Tasmania circumnavigation by kayak

A few words about some of the equipment we used in the expedition.


We have used two NDK Explorer kayaks, one of them was a 3 pieces kayak. We've been using NDK kayaks for a long time and once again it proved itself to be a sturdy, fast, manoeuvrable boat. This kayak starts to shine when fully loaded. We didn't use skegs, this kayak can be tracked easily without skegs. Initially we were worried a bit to use a 3 piece kayak in the rough waters of Southern Ocean, but after it stood a huge 6 meters breaking wave, we feel we can fully trust the NDK 3 pieces kayaks.

The only problem we found about NDK kayaks is that they tend to leak. Both of our kayaks leaked (cockpit & hatches). Nothing serious, yet annoying.


We have used Lendal Kinetik and Nordkapp paddles. This is truly amazing piece of equipment. Lendal was our sponsor, but we would use their paddles anyway. The carbon-nylon material is light, yet very impact-resistant. The modified shaft is great.


We have chosen Snapdragon spraydeck, and we were very satisfied with it. The bending corners make fitting the spraydeck quick and easy. The implosion bar proved itself: the spraydeck didn't popped even in the 6 meters breaking wave. The strap was useful to hold the compass and GPS.

Paddling clothes

We have used different products of a few companies: Rapidstyle and Young Pirates fuzzy-rubber clothes, Reed cags, and others. While the gear in general worked as expected, the Reed touring cag was really amazing: we used it almost in any condition and took it off only when it was really hot. The material is breathable and stretchy. You don't get cooked inside even on pretty warm days. Remember to secure the hood, you will loose it in the surf.


Therm-a-rest self-inflating ProLite mattresses were a great relief after the long paddling days. They are compact and comfortable. Nothing to compare to the foam pads.


Our Mountain Hardware Trango 2 tent was a good one, yet not ideal. It is roomy and strong, yet it takes a long time to pitch it with all the 5 poles. The vestibules are not self standing and pegs must be used to stretch them. On lousy ground in gale winds, the vestibules collapse. There is nothing particularly wrong with this tent. This is the standard construction for almost all 4-seasons tents. Yet there are some good exceptions on the market, like the Hilleberg Staika.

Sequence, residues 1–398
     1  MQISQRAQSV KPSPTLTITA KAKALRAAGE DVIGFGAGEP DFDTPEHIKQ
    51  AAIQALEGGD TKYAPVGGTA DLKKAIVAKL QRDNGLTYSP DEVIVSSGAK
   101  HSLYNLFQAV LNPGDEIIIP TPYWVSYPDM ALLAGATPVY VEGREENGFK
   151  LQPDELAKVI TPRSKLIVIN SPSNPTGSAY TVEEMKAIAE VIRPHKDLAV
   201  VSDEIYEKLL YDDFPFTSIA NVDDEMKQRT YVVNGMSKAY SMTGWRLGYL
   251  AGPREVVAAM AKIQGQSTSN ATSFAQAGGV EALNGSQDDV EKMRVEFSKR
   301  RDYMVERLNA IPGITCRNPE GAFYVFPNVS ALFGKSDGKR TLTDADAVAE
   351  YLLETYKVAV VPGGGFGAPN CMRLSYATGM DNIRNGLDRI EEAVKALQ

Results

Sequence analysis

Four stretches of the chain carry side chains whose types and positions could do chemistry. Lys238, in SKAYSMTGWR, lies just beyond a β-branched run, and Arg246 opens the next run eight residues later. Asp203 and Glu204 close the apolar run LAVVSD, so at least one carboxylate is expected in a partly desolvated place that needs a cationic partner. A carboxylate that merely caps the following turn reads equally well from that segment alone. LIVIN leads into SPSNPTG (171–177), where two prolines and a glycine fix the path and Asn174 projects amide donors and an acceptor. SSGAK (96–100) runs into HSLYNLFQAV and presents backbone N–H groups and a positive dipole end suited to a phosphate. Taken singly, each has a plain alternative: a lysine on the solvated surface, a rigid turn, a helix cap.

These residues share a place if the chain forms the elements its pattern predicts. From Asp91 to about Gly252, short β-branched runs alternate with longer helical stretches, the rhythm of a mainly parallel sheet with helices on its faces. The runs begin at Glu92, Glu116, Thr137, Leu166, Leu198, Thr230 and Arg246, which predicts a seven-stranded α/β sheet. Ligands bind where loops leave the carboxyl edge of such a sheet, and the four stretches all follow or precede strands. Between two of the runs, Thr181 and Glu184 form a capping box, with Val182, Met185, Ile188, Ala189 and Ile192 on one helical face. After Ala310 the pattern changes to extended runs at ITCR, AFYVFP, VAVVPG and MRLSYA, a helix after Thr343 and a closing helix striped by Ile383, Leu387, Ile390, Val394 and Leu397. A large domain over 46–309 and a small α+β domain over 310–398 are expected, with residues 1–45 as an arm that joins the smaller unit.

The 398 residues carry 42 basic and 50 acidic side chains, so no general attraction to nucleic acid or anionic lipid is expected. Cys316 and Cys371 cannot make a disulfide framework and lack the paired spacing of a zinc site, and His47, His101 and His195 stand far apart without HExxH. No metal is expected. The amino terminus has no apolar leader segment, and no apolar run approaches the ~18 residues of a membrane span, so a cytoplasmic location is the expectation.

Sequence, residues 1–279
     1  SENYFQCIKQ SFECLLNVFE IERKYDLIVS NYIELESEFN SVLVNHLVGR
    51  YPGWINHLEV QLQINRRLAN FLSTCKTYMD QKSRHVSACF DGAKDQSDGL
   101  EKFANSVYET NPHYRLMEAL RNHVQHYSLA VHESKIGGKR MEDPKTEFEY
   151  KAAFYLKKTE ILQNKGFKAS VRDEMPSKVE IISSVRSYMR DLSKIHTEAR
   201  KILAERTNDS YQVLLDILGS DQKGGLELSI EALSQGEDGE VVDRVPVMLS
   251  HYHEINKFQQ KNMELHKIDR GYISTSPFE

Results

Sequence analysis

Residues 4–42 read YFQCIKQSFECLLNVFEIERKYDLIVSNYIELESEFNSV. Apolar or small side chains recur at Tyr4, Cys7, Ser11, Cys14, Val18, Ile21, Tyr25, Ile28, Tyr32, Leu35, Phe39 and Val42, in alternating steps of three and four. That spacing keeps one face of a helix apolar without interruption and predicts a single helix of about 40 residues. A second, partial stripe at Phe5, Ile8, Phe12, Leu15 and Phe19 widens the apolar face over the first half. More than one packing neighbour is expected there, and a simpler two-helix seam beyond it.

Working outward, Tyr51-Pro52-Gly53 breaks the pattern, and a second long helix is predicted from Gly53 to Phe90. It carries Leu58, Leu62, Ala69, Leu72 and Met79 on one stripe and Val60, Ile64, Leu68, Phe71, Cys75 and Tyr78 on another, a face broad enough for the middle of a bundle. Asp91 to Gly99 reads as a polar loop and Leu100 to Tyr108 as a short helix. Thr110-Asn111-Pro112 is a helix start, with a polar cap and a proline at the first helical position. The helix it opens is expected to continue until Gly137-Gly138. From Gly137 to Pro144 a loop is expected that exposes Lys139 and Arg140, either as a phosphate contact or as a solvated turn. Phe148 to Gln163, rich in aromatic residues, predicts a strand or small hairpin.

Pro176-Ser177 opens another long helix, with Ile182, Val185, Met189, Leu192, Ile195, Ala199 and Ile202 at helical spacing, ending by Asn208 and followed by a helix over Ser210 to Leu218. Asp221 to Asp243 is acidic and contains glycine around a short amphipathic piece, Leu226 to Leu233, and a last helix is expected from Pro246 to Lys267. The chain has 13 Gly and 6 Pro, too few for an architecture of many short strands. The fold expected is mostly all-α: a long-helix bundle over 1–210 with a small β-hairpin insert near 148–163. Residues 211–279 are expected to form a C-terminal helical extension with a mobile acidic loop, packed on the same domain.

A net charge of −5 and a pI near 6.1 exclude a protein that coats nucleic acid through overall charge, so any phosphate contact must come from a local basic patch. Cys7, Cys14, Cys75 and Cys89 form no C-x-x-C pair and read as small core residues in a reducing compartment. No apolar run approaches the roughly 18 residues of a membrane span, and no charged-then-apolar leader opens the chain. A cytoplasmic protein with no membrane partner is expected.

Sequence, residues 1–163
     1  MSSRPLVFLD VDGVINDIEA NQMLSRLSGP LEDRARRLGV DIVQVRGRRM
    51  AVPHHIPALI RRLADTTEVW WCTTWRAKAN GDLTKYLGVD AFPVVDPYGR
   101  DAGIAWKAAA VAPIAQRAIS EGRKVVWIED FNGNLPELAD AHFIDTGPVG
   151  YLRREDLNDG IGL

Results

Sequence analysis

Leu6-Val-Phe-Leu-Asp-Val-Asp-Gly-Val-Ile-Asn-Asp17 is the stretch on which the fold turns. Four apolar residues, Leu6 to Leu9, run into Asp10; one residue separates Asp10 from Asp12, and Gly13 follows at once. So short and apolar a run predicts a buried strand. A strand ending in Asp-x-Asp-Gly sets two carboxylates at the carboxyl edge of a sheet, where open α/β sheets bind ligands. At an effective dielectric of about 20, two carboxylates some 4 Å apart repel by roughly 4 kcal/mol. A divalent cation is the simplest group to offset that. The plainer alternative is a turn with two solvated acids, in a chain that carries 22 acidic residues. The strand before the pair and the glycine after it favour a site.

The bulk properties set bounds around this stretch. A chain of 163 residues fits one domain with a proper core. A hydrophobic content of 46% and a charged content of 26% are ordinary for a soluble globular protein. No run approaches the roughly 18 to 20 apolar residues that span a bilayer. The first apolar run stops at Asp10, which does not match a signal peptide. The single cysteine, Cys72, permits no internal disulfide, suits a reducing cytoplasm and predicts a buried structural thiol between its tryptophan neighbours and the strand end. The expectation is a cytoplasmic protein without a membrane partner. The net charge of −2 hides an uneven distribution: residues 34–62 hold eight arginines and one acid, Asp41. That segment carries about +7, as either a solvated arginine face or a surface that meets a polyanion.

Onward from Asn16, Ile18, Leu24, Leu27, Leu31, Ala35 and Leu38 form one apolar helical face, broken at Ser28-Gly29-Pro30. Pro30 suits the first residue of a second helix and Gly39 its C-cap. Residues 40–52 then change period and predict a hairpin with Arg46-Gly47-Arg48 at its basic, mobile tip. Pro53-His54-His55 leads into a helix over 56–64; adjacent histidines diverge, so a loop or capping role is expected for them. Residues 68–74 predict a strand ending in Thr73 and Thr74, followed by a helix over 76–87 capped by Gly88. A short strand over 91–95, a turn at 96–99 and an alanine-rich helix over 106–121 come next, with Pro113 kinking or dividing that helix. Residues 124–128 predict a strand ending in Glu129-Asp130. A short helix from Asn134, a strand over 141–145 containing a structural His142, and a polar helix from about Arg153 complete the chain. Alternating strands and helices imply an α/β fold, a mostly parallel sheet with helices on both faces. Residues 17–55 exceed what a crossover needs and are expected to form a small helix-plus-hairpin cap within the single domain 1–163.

The Primus Omnifuel was simply a disaster. It worked fine on gas, but once we started using liquid fuels the frequent blockages began. Sometimes we couldn't light it for a half an hour. Other times it decided to spray the fuel all around (on us). Surely, it had hard times being in salty, sandy environment. Yet we would expect much higher reliability. We started missing the old, primitive, slow but never faulty Trangia stove that burns alcohol.


Both of our Garmin GPS (eTrex and GPS72) leaked and completely died during the expedition. Although they are specified to be waterproof up to 1 m for 30 minutes (IPX 7 standard), don't rely on their waterproofness. Inna Hoichman has used a Magellan Explorist GPS during her Greek islands trip, and it leaked too in the battery compartment. It seems that all the GPS units must be secured in transparent dry bags.


We found out that our two VHF radios were completely useless in Tasmania. No one monitors them. The same applies about Greece. Check the local situation before you try to rely on this piece of equipment.

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Last updated: April 21, 2005